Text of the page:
General courts-martial for sexual assault: How do they work?
By Maj. Derek Rowe, 366th Fighter Wing Legal Office
/ Published April 28, 2015
MOUNTAIN HOME AIR FORCE BASE, Idaho --
Support for military sexual assault victims and the number of reported offenses have increased in recent years, resulting in more investigations and courts-martial involving sexual assault charges. This article describes the general court-martial process and some of the unique aspects with regards to sexual assault cases.
One distinct aspect of a sexual assault court-martial is that victims of sexual assault are eligible for a Special Victim's Counsel to represent their interests. All service members and certain categories of adult dependents who report being victims of sexual assault are eligible for an SVC.
Since implementation of the program in 2013, an SVC is an active-duty military attorney with the specific mission to represent a victim's interests during investigation and court-martial proceedings. An SVC has the ability to speak on behalf of the victim during certain parts of the trial. There are 34 SVCs in the Air Force.
For most matters during the court-martial process, a sexual assault victim's interests are aligned with the government, or prosecution, and the victim is considered a government witness -- but the victim's interest may not always align with the government. For example, during investigation and before trial, both the defense and government attorneys will naturally want to interview the victim several times each, in preparation for trial.
The SVC will be present for these interviews and may advise the victim to limit participation due to the victim's emotional state or perhaps due to collateral misconduct the victim was involved in, such as underage drinking or another offense. In courts-martial for other types of offenses, government witnesses do not have this level of flexibility when it comes to participating in pretrial interviews.
Before either the judge or jury begins to consider evidence, there may be one or more motions hearings. This highlights another aspect of sexual assault courts-martial, as there is usually a Military Rule of Evidence 412 motion. MRE 412 is a rule prohibiting either side from presenting evidence of a victim's past sexual behavior and sexual predisposition.
For example, if the charged offense is rape and the victim had sexual relations with a different partner two nights before the rape, the defense might want to present evidence of that sexual relationship for various reasons. The general rule would prohibit presenting that evidence, but there are exceptions to this rule and the MRE 412 hearing will determine whether any such evidence will be allowed. This hearing typically happens the day before trial and is closed to the public because of the private nature of the matters presented. The SVC argues on behalf of the victim at the hearing.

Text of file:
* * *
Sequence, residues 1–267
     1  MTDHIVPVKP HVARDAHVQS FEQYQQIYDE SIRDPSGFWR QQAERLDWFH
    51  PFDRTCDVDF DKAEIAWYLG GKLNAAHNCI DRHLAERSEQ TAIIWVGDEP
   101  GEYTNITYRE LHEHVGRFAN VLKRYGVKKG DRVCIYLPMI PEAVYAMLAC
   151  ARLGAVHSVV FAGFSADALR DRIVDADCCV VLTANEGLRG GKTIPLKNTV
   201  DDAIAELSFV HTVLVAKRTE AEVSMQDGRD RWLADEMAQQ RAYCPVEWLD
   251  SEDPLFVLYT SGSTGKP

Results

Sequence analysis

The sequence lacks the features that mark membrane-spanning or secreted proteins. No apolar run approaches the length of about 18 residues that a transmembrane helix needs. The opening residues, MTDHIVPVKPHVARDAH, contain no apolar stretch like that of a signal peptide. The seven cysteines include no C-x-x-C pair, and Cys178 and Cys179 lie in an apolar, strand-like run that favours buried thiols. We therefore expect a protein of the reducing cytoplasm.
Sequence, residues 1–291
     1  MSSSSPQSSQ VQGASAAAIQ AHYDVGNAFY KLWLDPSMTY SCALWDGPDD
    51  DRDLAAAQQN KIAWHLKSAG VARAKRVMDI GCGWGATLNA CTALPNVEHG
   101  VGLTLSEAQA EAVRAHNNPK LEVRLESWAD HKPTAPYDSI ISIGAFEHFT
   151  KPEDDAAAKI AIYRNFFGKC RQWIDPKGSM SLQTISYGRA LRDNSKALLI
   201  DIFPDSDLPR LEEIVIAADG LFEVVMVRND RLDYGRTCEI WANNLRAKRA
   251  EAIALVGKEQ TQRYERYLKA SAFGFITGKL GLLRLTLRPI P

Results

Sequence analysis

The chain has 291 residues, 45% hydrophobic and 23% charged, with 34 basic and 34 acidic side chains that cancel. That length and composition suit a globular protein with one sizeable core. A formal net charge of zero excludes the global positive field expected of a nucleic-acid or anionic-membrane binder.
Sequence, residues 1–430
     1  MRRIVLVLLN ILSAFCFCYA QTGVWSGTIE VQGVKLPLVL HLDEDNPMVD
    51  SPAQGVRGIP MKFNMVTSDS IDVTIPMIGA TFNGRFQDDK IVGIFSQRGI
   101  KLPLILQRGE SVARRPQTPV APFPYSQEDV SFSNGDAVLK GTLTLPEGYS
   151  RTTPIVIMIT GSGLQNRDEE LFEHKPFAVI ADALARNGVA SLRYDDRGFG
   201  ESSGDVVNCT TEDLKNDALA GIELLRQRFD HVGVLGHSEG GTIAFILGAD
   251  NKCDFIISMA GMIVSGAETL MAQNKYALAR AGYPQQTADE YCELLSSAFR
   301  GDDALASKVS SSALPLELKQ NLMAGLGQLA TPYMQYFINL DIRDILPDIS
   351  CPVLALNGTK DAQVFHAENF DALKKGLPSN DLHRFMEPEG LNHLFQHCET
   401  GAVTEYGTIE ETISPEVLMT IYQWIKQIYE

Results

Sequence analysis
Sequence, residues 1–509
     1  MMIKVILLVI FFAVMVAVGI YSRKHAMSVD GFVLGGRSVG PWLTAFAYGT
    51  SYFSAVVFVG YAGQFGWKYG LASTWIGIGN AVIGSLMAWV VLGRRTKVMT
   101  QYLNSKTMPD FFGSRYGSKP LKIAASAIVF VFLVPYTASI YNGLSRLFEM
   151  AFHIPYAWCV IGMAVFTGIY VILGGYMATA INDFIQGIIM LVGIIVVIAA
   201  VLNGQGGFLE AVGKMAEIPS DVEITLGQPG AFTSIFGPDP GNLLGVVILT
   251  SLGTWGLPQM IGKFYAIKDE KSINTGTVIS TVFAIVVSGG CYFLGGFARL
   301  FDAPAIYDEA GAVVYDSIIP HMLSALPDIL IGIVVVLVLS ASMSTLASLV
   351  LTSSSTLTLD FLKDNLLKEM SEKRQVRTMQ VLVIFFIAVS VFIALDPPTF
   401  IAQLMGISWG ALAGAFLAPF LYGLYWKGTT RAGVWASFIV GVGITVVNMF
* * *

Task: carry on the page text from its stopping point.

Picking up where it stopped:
The SVC is focused on protecting the rights of victims of sexual assault and will typically travel to wherever the victim is in order to argue motions and be present during all phases of trial. SVCs are experts in these areas and provide a great service for victims of sexual assault while guiding them through what can be a difficult and intimidating process.
After the motions are argued and decided, the court panel, or jury in the civilian sector, is selected if the accused has chosen a jury trial. It is the accused's choice whether to be tried by judge or jury. If a jury is chosen, the selection process is very different from the selection process in the civilian sector. In the military, commanders are asked to forward the names of their best personnel to the court-martial convening authority.
For general courts-martial at Mountain Home AFB, the General Courts-Martial Convening Authority is the12th Air Force commander. The GCMCA is required by law to pick jurors based on their age, education, training, length of service and judicial temperament. In contrast, in the civilian sector, jurors are often selected randomly based on their address. If the accused chooses to have a jury, a general court-martial requires at least five jury members. Once a fair and impartial jury is selected, opening arguments, presentation of evidence and deliberations follow.
If the accused is found guilty, the last phase of the court involves sentencing. In the military, the sentencing phase immediately follows the guilt or findings phase. The finder of fact, either judge or jury, is presented with evidence in aggravation by the government and evidence in mitigation by the defense, to decide an appropriate sentence.
A general court-martial may hand down any sentence including confinement for life, total forfeiture of pay, dishonorable discharge and death. In sexual assault cases, the victim will usually testify again, but this time the testimony concerns the impact of the crime on the victim's life.
Many civilian courts will have 30 days or more between the guilt phase and sentencing phase, which allows for a pre-sentence investigation to be conducted. In contrast, all individuals involved in a general court-martial will know the verdict and sentence, if any, immediately after the court.